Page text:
Informed written consent will be obtained from a parent after a full verbal and written explanation of the study. The attending physician will meet with parents during the intervention period to ensure that they understand the study procedures and continue to consent to participate in the study.
Approval for the study has been obtained from the London Multicentre Research Ethics Committee and the Local Research Ethics Committee of each participating hospital.
Patient allocation will be by central telephone randomisation, provided by the National Perinatal Epidemiology Unit (NPEU). As soon as parental consent has been obtained for an eligible infant, the recruiting TOBY clinician will telephone the randomisation service and obtain treatment assignment, which will be either to "intensive care with cooling" or "intensive care". Minimisation will be used to ensure balance between the groups with respect to severity of encephalopathy.
All infants recruited to the study will be cared for in a tertiary referral centre that has the equipment necessary for providing hypothermia treatment to the "intensive care with cooling" group ("Treatment Centres"). Infants may be recruited from hospitals that transfer babies to these centres. Babies that are thought to be eligible will be assessed by trained retrieval teams from the referral centres, who will perform the aEEG, seek consent if eligible, telephone the randomisation service and begin the cooling treatment, if allocated (see TOBY Handbook for more details).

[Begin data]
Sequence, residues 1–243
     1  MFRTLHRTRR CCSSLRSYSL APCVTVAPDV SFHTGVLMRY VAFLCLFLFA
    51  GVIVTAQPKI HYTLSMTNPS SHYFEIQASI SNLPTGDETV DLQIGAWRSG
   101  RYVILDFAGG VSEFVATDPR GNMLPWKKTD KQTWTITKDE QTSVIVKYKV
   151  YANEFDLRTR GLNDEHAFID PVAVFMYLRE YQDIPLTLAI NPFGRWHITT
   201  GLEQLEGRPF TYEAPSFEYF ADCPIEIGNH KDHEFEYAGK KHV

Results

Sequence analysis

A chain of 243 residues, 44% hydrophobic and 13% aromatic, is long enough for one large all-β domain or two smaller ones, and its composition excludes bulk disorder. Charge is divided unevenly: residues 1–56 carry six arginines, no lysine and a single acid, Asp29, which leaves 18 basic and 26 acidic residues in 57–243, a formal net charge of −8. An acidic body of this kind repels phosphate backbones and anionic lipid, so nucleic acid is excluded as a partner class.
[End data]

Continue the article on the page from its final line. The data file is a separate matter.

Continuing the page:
1. Intensive care group
All infants who are randomised to this group will receive the present standard of clinical care. Infants will thus receive symptomatic therapy aimed at homeostasis. In particular, the management of the temperature of the infants will aim to maintain normothermia. All infants will be dried at birth, and kept warm during resuscitation. The infants will be cared for under an overhead radiant heater or in closed incubators, servo controlled to the infants' abdominal skin temperature, to maintain the rectal temperature at 37.0°C ± 0.2°C. Infants born in referring hospitals that are randomised to this group will be transferred to the Treatment Centre. The incubator heater will be adjusted during transport to maintain a rectal temperature as close to 37.0°C as possible.
2. Intensive care with cooling group